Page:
A theoretical paper by a Chinese graduate student and professor about the vulnerability of electric power systems like those in the United States to cascading failure has drawn attention in the U.S. press and prompted testimony to U.S. Congress. The paper, "Cascade-Based Attack Vulnerability on the U.S. Power Grid," compares "the effects of two different attacks for the network robustness against cascading failures, i.e., removal by either the descending or ascending orders of the loads." It concludes counterintuitively that that "the attack on the nodes with the lowest loads is more harmful than the attack on the ones with the highest loads."
The Chinese authors have said that their work is a theoretical exercise that just happens to model a U.S. electrical subsystem because good data is available for such a system. But because the word "attack" appears in the headline--and no doubt because there is a high level of paranoia in the United States about the country's economic and even military vulnerability to China--the article has been interpreted in some quarters as evidence the People's Republic is actually positioning itself to mount an assault on the U.S. power system.
Concerns about the fragility of the U.S. electrical grids are nothing new, and with the advent of more complex smart grids, there are well-founded worries that power system vulnerability could become greater, at least in the short run. "Although researchers have spent considerable time on smart-grid cybersecurity issues, major problems remain unsolved," a recent article in the IEEE Security & Privacy magazine reported. In a study issued last fall by the U.S. Department of Energy and the National Institute of Standards and Technology, the mounds of additional data generated in smart grids were deemed immensely helpful to grid operators and stakeholders--but also to people who could use it with ill will, as Earth2Tech's Katie Fehrenbacher put it.
To the extent grids are vulnerable to cyber intrusion, they would seem to be as vulnerable to malicious foreign attackers as to home-grown vandals. But is there realistic reason to fear such foreign attacks, and specifically a Chinese one?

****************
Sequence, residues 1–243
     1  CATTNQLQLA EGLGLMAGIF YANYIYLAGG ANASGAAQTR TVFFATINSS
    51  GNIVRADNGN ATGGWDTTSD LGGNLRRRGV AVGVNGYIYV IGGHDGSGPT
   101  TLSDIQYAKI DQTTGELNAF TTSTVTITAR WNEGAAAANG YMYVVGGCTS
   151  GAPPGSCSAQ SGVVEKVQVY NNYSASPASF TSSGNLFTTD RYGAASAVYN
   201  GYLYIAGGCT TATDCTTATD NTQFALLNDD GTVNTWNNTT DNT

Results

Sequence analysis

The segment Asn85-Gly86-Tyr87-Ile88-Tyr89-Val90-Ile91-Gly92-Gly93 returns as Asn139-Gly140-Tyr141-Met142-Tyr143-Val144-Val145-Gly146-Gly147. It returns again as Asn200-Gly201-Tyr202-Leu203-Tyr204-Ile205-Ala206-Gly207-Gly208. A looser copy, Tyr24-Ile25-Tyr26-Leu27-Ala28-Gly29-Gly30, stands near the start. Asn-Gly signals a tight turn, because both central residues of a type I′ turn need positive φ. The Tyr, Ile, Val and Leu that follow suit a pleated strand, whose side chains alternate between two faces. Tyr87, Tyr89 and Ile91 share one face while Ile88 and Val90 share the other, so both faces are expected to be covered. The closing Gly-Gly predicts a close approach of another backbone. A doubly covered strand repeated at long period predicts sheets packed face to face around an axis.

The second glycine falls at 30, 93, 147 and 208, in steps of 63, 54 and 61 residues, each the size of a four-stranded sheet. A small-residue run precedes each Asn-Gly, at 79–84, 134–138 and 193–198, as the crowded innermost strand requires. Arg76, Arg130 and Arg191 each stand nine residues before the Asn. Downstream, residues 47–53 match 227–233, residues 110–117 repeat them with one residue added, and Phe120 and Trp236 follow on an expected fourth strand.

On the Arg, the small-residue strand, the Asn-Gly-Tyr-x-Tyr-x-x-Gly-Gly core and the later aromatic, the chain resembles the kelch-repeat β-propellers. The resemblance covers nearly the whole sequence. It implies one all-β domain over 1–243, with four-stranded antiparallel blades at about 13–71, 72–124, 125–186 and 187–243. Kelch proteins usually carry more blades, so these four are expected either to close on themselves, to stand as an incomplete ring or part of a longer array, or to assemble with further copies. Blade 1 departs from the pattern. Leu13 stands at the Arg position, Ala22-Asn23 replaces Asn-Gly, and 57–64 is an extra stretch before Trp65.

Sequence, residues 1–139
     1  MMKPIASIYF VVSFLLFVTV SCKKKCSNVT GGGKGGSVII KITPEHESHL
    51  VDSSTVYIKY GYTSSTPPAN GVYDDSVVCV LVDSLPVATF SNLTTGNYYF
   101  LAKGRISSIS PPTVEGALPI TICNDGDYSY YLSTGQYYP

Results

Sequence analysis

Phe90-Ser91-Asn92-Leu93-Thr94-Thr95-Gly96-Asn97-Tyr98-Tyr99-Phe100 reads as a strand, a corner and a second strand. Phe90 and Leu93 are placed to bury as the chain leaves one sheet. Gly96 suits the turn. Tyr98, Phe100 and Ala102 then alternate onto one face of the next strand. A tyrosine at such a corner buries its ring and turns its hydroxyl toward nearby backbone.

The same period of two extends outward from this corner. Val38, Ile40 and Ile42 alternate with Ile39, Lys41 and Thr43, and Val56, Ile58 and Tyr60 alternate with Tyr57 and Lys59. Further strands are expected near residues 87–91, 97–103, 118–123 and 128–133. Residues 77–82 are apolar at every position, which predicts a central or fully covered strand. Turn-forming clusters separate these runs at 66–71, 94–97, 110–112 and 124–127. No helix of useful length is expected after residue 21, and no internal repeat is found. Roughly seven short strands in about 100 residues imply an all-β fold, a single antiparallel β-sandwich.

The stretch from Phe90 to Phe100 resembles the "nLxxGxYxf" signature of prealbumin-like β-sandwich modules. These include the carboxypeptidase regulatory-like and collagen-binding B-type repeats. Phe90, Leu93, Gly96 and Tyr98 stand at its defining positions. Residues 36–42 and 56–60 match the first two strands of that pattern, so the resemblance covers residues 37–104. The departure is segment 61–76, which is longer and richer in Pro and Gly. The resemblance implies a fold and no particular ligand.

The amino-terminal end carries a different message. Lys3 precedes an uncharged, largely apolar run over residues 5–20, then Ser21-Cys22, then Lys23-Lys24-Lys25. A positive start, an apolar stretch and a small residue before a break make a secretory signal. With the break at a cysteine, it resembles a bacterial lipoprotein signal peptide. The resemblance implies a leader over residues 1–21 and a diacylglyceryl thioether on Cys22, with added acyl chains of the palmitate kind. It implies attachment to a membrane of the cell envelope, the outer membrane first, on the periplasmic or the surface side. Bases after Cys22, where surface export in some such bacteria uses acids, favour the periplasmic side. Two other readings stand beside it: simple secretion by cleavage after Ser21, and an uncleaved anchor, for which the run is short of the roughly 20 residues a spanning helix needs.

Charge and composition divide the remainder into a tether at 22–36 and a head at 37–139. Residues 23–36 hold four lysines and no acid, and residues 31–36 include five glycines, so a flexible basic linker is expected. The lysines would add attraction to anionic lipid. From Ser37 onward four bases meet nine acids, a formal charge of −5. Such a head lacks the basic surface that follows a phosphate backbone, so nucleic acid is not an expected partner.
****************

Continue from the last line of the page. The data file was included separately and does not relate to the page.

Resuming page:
As is well known, China is by far the biggest holder of U.S. national debt, and its economy is critically dependent on exports to the United States. At last tally, it owned $740 billion in U.S. Treasury securities, and it was exporting $24.7 billion in goods to the United States each month, running a positive trade balance of more than $20 billion--roughly $250 billion per year.
Under the circumstances, it's hard to imagine how it would be in China's interest to sorely disrupt the U.S. economy. The only scenario in which economic warfare would make sense would be one of all-out military warfare, say over Taiwan. But if the two countries were at war, disruption of the U.S. power grid would be the least of America's problems.
Russia, however, may be another matter. Criminal hacking is big business there and has global scope. Several years ago, when a local dispute in Estonia pitted ethnic Russians against Estonian nationals, seriously disruptive cyber attacks were mounted against the small Baltic country from sources in Russia. The culprits may have been members of the Russian intelligence services, ultra-nationalists, or just malicious hackers--and it's not reassuring that the outside world has no sure way of knowing which.
Suppose there were a military confrontation between Russia and Europe over the sovereignty of Ukraine, and suppose Russia wished to discourage the United States from coming to Europe's help. Might a cyber attack on the U.S. grid seem a tempting way of sending a shot across the U.S. bow?